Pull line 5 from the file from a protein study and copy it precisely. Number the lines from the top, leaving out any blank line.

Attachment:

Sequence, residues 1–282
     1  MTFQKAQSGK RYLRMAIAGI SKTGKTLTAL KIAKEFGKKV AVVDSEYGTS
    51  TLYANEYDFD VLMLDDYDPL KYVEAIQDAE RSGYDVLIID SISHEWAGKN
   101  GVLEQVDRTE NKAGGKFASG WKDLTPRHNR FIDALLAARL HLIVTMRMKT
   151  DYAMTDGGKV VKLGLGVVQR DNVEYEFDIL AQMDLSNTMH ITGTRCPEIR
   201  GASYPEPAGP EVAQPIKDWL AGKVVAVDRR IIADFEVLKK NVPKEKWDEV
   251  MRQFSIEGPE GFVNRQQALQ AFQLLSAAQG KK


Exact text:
   151  DYAMTDGGKV VKLGLGVVQR DNVEYEFDIL AQMDLSNTMH ITGTRCPEIR